Exploring the substructure of matter with Machine Learning

Quarks and gluons Distribution

In 1983 at CERN, a difference between the probability that an electron scatters off an atomic nucleus and that of the same number of free protons and neutrons was observed...

2 minute read

Quarks and gluons Fragmentation

Fragmentation Functions (FFs) encode the long-distance dynamics of the interactions among quarks and gluons which lead to their hadronisation...

2 minute read
The strong force, described by the theory of quantum chromodynamics (QCD), manifests itself through the constant exchange of gluons between the quarks. Gluons, like photons, are elementary massless particles that define the nature of the force they carry. Gluons interact 137 stronger than photons at distances similar to the size of the nucleus (~10-15 m). The gluon interaction becomes even stronger for larger distances and weaker for smaller ones, a feature called asymptotic freedom. This property leads to the confinement of quarks and gluons (collectively called partons) within a nucleon and is also responsible for the fact that a parton cannot be measured or observed as a free particle. In fact whenever a parton gets knocked out of a nucleon, it instantly starts to fragment into other partons until it hadronises, forming a new hadron (a bound state of 2 or more quarks).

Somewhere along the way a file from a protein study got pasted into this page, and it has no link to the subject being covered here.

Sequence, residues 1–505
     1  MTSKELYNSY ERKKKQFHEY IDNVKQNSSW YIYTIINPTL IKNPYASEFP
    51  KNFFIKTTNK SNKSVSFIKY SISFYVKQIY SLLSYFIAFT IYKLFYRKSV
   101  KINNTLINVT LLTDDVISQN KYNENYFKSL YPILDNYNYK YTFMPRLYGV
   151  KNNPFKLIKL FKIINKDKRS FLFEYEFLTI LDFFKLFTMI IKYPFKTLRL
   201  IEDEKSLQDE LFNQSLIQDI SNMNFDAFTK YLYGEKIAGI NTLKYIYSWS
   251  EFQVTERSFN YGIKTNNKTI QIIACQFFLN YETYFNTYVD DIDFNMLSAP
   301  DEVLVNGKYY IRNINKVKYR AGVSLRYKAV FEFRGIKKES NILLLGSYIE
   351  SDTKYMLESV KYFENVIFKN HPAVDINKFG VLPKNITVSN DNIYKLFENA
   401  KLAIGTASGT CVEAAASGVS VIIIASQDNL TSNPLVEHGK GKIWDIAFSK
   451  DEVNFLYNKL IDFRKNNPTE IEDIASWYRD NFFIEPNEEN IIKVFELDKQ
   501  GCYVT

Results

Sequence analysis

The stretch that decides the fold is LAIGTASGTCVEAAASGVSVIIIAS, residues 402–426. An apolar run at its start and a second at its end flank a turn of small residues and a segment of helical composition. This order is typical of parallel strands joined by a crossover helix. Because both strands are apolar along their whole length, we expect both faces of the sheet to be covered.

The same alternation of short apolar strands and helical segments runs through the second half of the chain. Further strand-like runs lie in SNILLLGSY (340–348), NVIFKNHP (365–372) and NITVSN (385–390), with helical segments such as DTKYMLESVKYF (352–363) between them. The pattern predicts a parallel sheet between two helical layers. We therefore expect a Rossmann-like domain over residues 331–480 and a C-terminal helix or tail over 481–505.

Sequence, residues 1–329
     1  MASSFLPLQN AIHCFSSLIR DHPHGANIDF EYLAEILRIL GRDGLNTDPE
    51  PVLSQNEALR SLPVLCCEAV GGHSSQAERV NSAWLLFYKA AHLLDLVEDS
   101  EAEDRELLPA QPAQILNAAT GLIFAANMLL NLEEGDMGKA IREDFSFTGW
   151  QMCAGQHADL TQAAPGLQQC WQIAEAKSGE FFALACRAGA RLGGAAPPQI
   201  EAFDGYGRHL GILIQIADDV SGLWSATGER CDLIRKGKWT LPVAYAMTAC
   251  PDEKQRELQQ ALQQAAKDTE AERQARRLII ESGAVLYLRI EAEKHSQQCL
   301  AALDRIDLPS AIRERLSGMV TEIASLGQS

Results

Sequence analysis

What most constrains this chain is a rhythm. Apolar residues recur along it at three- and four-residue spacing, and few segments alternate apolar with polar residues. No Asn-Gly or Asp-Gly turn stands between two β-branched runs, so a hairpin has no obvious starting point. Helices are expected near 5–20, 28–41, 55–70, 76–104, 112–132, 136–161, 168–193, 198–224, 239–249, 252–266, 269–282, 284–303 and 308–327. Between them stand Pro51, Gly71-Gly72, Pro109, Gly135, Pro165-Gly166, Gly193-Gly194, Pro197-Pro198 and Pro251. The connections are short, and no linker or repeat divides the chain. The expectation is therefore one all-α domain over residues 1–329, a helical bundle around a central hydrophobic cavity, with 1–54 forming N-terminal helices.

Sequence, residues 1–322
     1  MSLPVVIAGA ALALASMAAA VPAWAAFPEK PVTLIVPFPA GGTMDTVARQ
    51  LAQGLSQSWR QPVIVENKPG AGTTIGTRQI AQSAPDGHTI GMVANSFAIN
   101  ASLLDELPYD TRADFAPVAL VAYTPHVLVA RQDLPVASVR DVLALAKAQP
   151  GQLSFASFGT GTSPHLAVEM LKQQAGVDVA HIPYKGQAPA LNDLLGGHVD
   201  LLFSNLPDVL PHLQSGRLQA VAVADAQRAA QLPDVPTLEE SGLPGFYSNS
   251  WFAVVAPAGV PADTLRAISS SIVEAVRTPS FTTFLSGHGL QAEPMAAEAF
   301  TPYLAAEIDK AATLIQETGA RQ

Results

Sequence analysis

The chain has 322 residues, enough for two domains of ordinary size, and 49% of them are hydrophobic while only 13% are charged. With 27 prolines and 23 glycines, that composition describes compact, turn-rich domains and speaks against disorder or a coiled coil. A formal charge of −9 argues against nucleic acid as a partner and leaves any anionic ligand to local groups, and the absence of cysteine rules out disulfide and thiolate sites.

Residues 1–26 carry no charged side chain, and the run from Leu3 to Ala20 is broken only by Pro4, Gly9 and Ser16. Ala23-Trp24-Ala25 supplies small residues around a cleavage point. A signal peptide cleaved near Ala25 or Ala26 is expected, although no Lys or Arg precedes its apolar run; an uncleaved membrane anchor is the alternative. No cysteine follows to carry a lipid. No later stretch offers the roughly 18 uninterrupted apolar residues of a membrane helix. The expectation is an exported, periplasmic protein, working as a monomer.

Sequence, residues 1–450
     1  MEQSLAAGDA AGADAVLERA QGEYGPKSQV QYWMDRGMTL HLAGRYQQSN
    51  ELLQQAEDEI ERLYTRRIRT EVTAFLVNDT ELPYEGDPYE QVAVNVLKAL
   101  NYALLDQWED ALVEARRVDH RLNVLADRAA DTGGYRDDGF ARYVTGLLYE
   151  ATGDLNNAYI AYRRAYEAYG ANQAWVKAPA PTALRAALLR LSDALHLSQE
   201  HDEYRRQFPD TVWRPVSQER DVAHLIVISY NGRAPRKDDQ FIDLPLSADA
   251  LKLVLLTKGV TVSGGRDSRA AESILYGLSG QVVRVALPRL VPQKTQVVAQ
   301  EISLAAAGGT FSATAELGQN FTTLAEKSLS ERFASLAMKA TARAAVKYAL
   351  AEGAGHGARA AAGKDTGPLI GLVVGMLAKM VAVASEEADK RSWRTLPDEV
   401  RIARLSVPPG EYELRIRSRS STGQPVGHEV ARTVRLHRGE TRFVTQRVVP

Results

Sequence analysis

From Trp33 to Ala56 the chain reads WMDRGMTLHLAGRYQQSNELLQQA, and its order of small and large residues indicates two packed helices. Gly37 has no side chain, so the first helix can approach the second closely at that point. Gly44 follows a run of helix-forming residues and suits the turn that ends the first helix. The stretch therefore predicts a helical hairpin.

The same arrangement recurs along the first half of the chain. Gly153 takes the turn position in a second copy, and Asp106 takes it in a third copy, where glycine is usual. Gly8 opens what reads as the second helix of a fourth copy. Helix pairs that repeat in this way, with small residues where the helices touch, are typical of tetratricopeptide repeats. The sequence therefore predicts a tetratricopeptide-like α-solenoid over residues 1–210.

QCD yields many quantities that are not calculable by means of perturbative methods and needs to be extracted from measured data. That is due to the observed nature of the strong force that makes the interactions between quarks and gluons becomes strong (non-perturbative) at low-energies, leading to their confinement within composite hadrons.

PhD Thesis
← My research focused on analysing the one-dimensional substructure of the nucleons and nuclei using machine learning techniques. By one-dimensional, I refer to the determination of the distribution of a nucleon's and nuclei' longitudinal momentum (along their beam axis) among their quarks and gluons constituents at high-energies. That is achieved by parameterising non-perturbative quantities called parton distribution functions (PDFs) by means of artificial neural networks. In addition to PDFs, I studied related non-perturbative dynamics that describe the hadronisation of partons into hadrons, which are encoded by the fragmentation functions (FFs). Being universal approximators to any continuous function, the usage of neural networks is well justified to fit quantities like PDFs whose functional form is not predicted by QCD. While nucleons PDFs are currently determined up to high accuracies due to the abundant data from the LHC and older collider and fixed target experiments, nuclear PDFs determination is less accurate and their deviation from the nucleons PDFs is yet to be understood theoretically.